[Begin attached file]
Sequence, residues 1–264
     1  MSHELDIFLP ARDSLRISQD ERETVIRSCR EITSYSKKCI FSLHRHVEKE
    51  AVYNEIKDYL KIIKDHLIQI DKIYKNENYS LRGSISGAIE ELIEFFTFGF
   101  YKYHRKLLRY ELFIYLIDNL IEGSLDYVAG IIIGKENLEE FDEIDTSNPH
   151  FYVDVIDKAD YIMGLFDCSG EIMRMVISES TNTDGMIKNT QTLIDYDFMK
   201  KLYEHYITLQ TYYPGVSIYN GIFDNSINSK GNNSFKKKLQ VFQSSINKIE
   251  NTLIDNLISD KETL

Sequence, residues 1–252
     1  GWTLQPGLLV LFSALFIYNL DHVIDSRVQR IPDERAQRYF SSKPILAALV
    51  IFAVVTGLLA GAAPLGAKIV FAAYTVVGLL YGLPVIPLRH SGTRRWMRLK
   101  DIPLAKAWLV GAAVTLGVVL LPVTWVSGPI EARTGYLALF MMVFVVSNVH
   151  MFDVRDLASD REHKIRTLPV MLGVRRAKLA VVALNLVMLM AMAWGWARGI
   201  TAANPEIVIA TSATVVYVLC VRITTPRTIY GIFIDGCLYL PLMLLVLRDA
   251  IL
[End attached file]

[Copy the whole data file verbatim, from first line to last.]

Sequence, residues 1–264
     1  MSHELDIFLP ARDSLRISQD ERETVIRSCR EITSYSKKCI FSLHRHVEKE
    51  AVYNEIKDYL KIIKDHLIQI DKIYKNENYS LRGSISGAIE ELIEFFTFGF
   101  YKYHRKLLRY ELFIYLIDNL IEGSLDYVAG IIIGKENLEE FDEIDTSNPH
   151  FYVDVIDKAD YIMGLFDCSG EIMRMVISES TNTDGMIKNT QTLIDYDFMK
   201  KLYEHYITLQ TYYPGVSIYN GIFDNSINSK GNNSFKKKLQ VFQSSINKIE
   251  NTLIDNLISD KETL

Sequence, residues 1–252
     1  GWTLQPGLLV LFSALFIYNL DHVIDSRVQR IPDERAQRYF SSKPILAALV
    51  IFAVVTGLLA GAAPLGAKIV FAAYTVVGLL YGLPVIPLRH SGTRRWMRLK
   101  DIPLAKAWLV GAAVTLGVVL LPVTWVSGPI EARTGYLALF MMVFVVSNVH
   151  MFDVRDLASD REHKIRTLPV MLGVRRAKLA VVALNLVMLM AMAWGWARGI
   201  TAANPEIVIA TSATVVYVLC VRITTPRTIY GIFIDGCLYL PLMLLVLRDA
   251  IL